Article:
Four days after the news, I hopped on a plane like “super mom” to embark on a week-long business trip I had committed to many months prior. Leaving my two dogs, husband and one-year old at home, I traveled a few states away, secretly hoping the hole I was feeling would no longer be there when I returned.

It was.

The painting we had made, now hanging in our playroom in memory of our “firecracker”

I continued living in a fog for a few months until it eventually began to dissipate and I started searching for books on the topic. The selection was surprisingly limited; a first indication to me that there is something odd about the way our society approaches miscarriage. In short, we don’t. We duck, hide, whisper and ignore the topic to shield the pain, misunderstanding and confusion from our lives.

After browsing numerous bookshelves, I read I Never Held You, by Ellen M. DuBois. The book is personal, real and was exactly what I needed – confirmation I was not alone. Just as an article in the Huffington Post reveals, miscarriage does not discriminate. The article shares news of television anchor Lisa Ling’s recent pregnancy announcement and includes details about the feelings of failure she experienced after suffering a miscarriage in 2010.

If miscarriage happens to so many women every year, why did it take so long to find a book? Why is the topic of miscarriage off limits to talk about? Why must we stifle our voices to a whisper?

In the weeks following my completion of the book, I decided to break the rules, finding ways to share my experience with others – both men and women –when appropriate. Initiating a conversation appeared to relieve others of weight they had been carrying after they themselves or someone they knew had also suffered a loss in miscarriage.

This is the part I find fascinating. Here is an experience many women and men are faced with in life, but at some point are made keenly aware it is not a topic to talk about; at least not publically.

So here I am, 25 weeks into my third pregnancy, raising my hand and sharing this journey with you. If you’re still sitting on your hands, don’t worry; moving them is the first step. For those of you with a hand in the air, try this – keep your hand up, move from behind the computer screen and begin waving, even if only to one other person.

10 Awesome Things – Coffee Shop Edition

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You might have heard the old cliché “stop and smell the roses”.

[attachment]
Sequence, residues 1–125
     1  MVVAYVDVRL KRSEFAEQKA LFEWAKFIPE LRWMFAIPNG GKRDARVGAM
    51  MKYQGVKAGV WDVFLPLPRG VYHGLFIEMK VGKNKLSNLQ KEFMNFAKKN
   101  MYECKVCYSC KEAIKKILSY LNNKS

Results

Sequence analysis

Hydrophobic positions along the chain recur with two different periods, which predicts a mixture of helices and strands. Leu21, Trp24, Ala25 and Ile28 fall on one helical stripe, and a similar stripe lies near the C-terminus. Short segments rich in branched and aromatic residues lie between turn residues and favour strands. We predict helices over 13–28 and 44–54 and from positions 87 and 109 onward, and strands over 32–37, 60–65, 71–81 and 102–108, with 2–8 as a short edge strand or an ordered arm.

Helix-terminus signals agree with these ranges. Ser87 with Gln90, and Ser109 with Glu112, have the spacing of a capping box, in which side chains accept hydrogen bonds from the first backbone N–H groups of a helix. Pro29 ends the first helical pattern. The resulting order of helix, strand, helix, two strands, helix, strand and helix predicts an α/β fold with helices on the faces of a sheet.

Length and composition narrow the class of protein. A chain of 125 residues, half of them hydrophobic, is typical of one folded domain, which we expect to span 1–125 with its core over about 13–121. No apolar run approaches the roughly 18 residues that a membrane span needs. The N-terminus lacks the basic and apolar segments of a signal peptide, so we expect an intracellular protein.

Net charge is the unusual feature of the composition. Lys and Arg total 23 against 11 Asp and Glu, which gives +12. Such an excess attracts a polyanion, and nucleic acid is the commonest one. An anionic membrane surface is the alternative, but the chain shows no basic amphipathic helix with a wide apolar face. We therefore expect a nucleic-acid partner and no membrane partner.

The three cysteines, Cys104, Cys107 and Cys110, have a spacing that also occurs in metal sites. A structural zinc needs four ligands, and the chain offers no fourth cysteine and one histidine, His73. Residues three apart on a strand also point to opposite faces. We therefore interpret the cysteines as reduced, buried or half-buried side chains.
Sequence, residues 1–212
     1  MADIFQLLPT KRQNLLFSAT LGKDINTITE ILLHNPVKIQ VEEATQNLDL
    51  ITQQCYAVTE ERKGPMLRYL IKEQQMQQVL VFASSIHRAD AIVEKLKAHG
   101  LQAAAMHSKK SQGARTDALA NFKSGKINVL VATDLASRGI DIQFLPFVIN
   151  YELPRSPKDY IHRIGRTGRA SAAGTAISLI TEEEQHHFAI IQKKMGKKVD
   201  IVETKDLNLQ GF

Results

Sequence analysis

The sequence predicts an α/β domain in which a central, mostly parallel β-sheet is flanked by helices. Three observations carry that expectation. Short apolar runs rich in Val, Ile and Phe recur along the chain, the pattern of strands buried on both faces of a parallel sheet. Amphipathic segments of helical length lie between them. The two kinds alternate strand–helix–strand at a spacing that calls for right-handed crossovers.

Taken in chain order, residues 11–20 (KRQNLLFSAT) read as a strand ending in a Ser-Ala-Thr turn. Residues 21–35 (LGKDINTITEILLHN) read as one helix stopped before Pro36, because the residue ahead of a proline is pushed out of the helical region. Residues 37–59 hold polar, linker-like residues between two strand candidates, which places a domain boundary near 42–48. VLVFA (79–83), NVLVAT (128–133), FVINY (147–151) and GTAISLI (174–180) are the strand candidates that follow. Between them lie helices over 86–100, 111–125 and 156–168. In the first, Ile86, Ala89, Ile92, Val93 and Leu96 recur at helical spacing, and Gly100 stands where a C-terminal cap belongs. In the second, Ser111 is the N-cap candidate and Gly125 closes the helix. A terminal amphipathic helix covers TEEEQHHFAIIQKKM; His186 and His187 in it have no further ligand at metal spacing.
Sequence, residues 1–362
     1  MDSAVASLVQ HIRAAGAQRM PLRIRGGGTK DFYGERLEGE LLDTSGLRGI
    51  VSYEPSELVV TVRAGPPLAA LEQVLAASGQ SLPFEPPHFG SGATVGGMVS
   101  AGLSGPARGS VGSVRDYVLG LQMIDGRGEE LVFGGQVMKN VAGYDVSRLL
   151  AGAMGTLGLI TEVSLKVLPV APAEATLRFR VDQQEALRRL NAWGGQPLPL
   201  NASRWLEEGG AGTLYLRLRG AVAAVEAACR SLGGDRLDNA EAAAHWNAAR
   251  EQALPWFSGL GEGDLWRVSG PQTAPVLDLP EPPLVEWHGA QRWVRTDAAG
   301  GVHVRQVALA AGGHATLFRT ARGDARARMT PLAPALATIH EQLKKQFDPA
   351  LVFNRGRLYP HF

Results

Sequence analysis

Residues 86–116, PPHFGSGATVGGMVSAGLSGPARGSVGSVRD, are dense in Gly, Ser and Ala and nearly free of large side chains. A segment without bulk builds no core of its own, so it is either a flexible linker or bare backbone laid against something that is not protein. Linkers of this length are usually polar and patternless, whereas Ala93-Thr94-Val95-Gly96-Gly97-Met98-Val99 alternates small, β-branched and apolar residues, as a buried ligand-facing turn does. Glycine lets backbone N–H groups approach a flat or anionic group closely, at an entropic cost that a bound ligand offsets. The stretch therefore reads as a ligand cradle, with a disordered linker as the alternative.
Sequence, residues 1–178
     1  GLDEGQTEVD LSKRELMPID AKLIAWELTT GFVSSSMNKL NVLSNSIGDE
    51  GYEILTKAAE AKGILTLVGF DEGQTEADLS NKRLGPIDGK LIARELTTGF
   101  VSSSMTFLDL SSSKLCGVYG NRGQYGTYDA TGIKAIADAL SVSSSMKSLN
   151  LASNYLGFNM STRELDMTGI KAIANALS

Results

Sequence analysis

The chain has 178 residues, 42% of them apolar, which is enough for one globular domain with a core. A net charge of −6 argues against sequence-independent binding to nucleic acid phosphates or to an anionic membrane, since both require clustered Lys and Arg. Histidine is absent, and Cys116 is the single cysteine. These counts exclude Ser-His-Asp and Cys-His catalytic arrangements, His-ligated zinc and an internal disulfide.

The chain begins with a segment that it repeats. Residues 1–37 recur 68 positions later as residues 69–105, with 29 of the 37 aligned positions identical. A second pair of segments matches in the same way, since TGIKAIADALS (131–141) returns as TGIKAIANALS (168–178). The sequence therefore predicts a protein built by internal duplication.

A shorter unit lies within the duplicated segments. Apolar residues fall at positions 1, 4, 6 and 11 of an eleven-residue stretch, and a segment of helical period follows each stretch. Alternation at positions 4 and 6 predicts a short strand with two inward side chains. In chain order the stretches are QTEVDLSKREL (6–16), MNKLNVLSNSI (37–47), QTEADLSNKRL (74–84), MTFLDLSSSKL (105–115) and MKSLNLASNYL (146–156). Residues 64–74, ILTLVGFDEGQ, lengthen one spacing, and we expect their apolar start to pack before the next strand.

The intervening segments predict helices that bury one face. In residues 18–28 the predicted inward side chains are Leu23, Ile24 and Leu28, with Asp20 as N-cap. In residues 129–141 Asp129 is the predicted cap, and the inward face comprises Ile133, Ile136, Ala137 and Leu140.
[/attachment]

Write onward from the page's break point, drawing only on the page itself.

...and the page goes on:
No?

How about “appreciate the small things in life”? Or, “enjoy every day as if it’s your last”?

They’re all sharing the same message: live a fulfilled life – every day, appreciating every moment.

I recently learned of 1000 Awesome Things, a daily blog pointing out the common joys in life we all share. Among them: getting grass stains, fat baseball players, illegal naps, sleeping in new bed sheets, snow days, high fiving babies.
After reading, smiling and relating to the list I began to wonder: what makes these moments so awesome? How is it we can all be in different stages of life, work in various professions, live in different parts of the world, and yet still have these common threads of enjoyment?

This led me to research and find out more about the 1000 Awesome Things project – how it got started, who was behind it and the impact it’s had. As it turns out, Neil Pasricha started the personal blog in 2008 after experiencing a number of unfortunate life events in a short period of time, amid an economic downturn. The blog was created in an effort to help him consciously recognize and appreciate the small joys in life rather than focusing on the negative.

Fast forward to 2012 and the blog now has over 43 million views, inspired a TED Talk presentation and resulted in the publication of three bestselling books.

As I learned more about this project and its origin, I began to think about how coffee shops follow a similar theme, gathering individuals from all walks of life and various backgrounds to enjoy a simple, yet satisfying treat – coffee. So, I decided to make my own list and share what makes this meeting place so awesome.

1. Abnormally loud laughs – this happens when the coffee grinder stops suddenly and the rest of the customers are greeted with a chuckle from the back corner of the building
2. A barista who knows your name and, sometimes, even your drink order
3. Coffee shop friends – others who frequent the same places at the same time you do, creating a friendship by default
4. A decaffeinated customer – usually found slouched in a leather chair, head back, mouth wide open and enjoying a few minutes of shut eye
5. Stocky men ordering skinny lattes
6. The only seat left near an outlet
7. Coffee served in mugs
8. Chalkboard menus
9. Display cases
10. Free Wi-fi

Awesome.

Motherhood – a cup of coffee all on its own

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Today’s post is from my own personal cup of coffee — motherhood. Too often as a new mom, I am given a very crucial piece of advice: “Enjoy every moment. They grow up too fast.” My recent guest post on Kelly Westover’s blog  shares my perspective and reflection on life as a new(ish) mom. Enjoy!

guest post :: learning to enjoy the here and now of motherhood